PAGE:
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Baricitinib plus corticosteroids effectively treats atopic dermatitis

JAMA Dermatology
Reuters Health - 09/10/2020 - The Janus kinase inhibitor baricitinib, in combination with topical corticosteroids (TCS), improved refractory moderate-to-severe atopic dermatitis (AD) in a phase-3 trial.

"This improvement in skin inflammation was achieved with the 4-mg dose while simultaneously reducing the amount of topical corticosteroids patients," Dr. Kristian Reich of University Medical Center Hamburg-Eppendorf told Reuters Health by email. "This corticosteroid-sparing function will play an important role in clinical practice, where patients with moderate-to-severe AD already present inadequate response to TCS, despite use of a significant amount of moderate- and high- potency TCS on their extensive skin lesions."

As reported in JAMA Dermatology, 329 patients (mean age, 34; 66% men) were recruited from 68 centers across 10 countries in Asia, Australia, Europe and South America. All had moderate-to-severe AD refractory to TCSs. After completing the study, they were followed for up to four weeks or enrolled in a long-term extension study.

The primary endpoint was the proportion of patients achieving a validated Investigator Global Assessment for Atopic Dermatitis (vIGA-AD) score of 0 (clear) or 1 (almost clear), with a 2-point or greater improvement from baseline at week 16.

Participants were randomly assigned to 2 mg of baricitinib once daily, 4 mg of baricitinib once daily, or placebo. They also received moderate- and/or low-potency TCSs or similar topical drugs for active lesions. Rescue therapy with high- or ultra-high-potency TCSs or systemic therapies was permitted for those who experienced worsening and unacceptable AD symptoms after two weeks of treatment.

At week 16, 34 patients (31%) receiving 4-mg baricitinib had a vIGA-AD score of 0 or 1, as did 26 (24%) on 2 mg and 16 (15%) on placebo; odds ratio vs. placebo were 2.8 for the 4-mg group and 1.9 for the 2-mg group.

Further, the proportion of patients who achieved an Eczema Area and Severity Index (EASI75) response at week 16 was 48% in the 4-mg group, 43% in the 2-mg group, and 23% in the placebo group.

"In addition to improvements in skin inflammation, baricitinib has also shown rapid improvement in itch, skin pain, and sleep disturbance in AD, which are the main complaints patients report in clinic," Dr. Reich noted. "Improvements in these symptoms were also rapid, with majority of patients who responded to therapy during the study observing clinically meaningful improvements between two to four weeks of therapy."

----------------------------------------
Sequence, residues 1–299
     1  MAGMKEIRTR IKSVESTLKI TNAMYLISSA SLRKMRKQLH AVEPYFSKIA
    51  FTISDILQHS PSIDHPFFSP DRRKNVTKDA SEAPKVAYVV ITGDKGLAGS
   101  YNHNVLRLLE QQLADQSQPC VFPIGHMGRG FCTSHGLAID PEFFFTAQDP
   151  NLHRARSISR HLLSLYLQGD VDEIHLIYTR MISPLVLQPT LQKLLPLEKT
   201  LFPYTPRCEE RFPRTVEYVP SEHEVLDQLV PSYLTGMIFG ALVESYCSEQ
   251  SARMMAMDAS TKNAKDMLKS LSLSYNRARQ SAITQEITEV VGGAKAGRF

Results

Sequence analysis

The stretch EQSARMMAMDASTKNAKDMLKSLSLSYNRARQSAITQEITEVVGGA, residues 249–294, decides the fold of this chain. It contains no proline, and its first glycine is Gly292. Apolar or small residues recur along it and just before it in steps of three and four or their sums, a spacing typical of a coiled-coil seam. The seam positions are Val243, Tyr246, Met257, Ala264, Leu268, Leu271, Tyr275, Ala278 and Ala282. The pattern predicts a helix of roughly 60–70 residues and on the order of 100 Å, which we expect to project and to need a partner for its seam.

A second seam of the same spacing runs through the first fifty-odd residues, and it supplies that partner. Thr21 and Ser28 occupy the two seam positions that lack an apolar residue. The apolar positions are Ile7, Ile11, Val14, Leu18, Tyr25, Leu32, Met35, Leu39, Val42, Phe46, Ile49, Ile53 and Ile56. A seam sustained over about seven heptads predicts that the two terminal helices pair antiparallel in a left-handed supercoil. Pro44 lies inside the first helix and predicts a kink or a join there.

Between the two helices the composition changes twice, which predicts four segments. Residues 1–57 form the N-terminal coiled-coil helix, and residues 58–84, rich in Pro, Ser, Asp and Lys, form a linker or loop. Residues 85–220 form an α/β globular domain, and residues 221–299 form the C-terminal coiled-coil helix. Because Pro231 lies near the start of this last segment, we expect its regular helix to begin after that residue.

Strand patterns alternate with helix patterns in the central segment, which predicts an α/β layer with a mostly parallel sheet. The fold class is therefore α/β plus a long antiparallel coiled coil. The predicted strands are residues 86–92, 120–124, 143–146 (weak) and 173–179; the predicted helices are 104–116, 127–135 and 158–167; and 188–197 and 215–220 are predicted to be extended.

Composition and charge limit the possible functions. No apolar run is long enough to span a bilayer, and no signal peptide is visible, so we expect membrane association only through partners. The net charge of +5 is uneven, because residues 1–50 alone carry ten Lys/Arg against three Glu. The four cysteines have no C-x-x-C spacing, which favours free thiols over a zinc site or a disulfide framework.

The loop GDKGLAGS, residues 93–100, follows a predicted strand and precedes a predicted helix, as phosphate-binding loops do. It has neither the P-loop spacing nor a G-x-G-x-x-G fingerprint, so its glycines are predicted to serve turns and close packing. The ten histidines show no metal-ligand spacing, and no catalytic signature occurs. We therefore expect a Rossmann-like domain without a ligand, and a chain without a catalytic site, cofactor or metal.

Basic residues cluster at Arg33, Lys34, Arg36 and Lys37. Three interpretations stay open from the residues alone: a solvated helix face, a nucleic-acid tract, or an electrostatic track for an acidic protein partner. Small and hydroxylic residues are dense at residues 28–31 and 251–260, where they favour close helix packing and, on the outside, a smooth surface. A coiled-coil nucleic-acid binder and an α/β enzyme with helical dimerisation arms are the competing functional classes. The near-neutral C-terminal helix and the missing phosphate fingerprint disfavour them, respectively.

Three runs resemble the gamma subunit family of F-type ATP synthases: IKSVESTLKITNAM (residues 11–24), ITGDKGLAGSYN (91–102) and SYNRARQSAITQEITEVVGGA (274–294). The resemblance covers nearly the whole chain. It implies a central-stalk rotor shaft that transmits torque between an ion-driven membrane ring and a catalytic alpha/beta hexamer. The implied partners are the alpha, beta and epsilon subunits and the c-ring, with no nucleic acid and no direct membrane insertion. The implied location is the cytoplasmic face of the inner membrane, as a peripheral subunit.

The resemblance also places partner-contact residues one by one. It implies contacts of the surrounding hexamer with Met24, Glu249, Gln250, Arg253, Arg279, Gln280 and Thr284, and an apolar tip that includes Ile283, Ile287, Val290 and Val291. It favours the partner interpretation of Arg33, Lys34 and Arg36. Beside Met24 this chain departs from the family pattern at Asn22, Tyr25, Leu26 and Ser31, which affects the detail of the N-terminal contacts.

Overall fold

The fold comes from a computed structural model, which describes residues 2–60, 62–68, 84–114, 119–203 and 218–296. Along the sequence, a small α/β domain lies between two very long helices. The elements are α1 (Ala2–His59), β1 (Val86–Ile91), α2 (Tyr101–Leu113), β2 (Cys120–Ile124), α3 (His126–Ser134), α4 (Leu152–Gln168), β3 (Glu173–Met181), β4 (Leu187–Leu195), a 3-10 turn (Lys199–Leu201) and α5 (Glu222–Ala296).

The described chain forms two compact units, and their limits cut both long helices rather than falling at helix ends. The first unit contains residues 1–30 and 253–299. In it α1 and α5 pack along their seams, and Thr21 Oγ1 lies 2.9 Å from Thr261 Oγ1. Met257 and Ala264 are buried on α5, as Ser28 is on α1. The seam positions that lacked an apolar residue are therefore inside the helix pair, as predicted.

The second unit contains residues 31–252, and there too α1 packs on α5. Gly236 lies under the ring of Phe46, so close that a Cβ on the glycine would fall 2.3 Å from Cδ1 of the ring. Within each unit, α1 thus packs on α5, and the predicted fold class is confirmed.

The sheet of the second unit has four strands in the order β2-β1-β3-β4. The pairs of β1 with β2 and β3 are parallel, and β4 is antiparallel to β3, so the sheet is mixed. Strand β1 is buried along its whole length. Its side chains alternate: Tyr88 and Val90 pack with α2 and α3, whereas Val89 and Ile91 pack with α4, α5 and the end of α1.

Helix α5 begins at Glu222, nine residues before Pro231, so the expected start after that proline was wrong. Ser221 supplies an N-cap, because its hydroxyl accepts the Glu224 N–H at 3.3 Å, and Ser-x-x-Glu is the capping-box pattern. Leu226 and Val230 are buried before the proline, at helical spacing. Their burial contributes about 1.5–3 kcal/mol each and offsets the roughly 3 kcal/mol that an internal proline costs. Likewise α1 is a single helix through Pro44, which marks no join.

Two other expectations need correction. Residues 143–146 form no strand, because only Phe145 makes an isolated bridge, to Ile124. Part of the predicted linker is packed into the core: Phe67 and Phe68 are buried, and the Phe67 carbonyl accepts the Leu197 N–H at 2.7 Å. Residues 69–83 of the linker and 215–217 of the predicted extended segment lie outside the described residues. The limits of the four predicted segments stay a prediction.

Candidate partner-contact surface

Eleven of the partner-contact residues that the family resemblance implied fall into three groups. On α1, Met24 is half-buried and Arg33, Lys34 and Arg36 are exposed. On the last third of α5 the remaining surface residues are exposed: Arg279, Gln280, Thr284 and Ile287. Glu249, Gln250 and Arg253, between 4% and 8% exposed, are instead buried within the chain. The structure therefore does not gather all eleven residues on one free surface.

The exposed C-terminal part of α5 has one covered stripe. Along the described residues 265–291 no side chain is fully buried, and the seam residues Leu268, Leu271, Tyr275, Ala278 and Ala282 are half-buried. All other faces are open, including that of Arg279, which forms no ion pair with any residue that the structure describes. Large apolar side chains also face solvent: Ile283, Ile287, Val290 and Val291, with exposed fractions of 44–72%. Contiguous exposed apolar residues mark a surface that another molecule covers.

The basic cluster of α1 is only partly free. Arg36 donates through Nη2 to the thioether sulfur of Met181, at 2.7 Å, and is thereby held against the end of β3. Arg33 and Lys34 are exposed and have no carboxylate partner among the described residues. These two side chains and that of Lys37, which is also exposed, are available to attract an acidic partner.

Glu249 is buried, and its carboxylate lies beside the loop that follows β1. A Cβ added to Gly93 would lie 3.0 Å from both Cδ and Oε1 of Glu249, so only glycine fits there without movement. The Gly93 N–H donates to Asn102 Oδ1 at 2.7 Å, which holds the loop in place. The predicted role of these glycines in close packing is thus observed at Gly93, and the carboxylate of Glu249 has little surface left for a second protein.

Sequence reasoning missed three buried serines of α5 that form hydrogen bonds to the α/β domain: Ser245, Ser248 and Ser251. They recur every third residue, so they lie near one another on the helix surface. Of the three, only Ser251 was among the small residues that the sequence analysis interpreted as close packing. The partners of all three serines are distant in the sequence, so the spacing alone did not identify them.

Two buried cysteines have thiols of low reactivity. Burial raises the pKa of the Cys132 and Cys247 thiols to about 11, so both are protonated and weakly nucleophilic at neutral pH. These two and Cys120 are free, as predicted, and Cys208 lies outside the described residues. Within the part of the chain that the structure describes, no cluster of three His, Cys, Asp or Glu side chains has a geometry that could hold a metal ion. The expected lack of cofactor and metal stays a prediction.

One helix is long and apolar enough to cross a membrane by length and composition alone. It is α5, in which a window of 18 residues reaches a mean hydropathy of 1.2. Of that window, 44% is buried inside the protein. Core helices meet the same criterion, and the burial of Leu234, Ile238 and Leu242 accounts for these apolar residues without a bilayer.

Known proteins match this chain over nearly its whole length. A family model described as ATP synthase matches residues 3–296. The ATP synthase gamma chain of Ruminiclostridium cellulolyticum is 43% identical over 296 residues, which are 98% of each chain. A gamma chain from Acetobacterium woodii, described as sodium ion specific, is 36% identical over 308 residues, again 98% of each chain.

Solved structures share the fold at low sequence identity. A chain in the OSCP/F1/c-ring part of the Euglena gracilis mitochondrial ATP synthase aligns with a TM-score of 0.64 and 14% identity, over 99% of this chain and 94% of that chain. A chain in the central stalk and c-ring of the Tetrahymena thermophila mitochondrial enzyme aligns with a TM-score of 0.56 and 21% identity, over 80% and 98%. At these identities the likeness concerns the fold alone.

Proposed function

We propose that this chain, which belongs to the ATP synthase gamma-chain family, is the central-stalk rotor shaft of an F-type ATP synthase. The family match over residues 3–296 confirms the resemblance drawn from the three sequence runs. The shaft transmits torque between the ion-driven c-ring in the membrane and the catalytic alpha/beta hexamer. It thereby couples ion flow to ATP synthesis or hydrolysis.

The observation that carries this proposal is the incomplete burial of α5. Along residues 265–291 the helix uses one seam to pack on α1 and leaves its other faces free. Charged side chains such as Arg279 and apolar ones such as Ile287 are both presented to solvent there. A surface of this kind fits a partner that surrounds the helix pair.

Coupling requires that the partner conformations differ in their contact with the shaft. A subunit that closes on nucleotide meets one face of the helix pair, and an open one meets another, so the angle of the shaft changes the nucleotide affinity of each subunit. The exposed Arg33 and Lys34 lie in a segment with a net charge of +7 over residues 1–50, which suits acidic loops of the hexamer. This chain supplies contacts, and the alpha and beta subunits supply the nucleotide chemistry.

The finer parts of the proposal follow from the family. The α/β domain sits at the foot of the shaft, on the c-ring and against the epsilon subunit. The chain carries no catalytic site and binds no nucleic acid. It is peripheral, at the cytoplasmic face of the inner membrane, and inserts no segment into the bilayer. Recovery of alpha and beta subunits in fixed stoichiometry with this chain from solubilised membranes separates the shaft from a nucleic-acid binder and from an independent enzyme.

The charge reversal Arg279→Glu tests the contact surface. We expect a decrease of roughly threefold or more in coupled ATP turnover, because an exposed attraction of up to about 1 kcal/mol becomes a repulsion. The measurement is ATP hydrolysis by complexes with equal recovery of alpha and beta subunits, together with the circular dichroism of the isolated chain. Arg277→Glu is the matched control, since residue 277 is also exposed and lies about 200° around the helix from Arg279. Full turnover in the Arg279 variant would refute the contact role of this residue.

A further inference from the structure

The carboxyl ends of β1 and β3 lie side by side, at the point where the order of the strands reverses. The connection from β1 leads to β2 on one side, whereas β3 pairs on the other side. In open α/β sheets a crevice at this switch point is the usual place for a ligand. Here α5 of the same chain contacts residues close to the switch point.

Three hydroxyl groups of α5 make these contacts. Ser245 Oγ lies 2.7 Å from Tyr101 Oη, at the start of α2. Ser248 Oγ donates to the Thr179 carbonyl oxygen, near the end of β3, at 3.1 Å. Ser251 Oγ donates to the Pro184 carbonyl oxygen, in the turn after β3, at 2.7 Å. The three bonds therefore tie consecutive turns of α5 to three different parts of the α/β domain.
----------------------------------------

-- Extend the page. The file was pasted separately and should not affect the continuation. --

Treatment-emergent adverse events occurred in 58% of patients in the 4-mg group, 56% in the 2-mg group, and 38% in the placebo group. Serious adverse events were reported in 4% of those taking 4 mg, 2% of those taking 2-mg group, and 4% of the placebo group. Nasopharyngitis, upper respiratory tract infections, and folliculitis were the most common adverse events.

Dr. Reich said, "Baricitinib recently received a positive opinion from the Committee for Medicinal Products for Human Use, and approval in Europe is anticipated soon. (This would) make baricitinib the first JAK inhibitor approved in dermatology, and the first oral therapy approved for AD since cyclosporine, raising the hopes of better treatments for our patients."

Dr. Emma Guttman-Yassky, incoming chair of the dermatology department at Icahn School of Medicine at Mount Sinai in New York City, and currently Director of the Center for Excellence in Eczema and of the Laboratory of Inflammatory Skin Diseases, commented in an email to Reuters Health, "Due to the fact that it can be stopped and restarted at any time, baricitinib can be used in patients with varying disease severity, including those with milder disease who experience disease flares, or for treatment of more resistant areas, such as the face, in patients who do not have significant body surface area involvement."

"The atopic dermatitis community needs additional oral alternatives that can be utilized in our patients," she said. "The cost will also likely be an important factor in determining the use of the drug in the dermatology community."

Eli Lilly and Company, which funded the study, markets baricitinib as Olumiant for patients with rheumatoid arthritis. The list price of Olumiant is $2,265 for a 30-day supply of 2 mg tablets.

By Marilynn Larkin

SOURCE: https://bit.ly/2SDKBqS JAMA Dermatology, online September 30, 2020.

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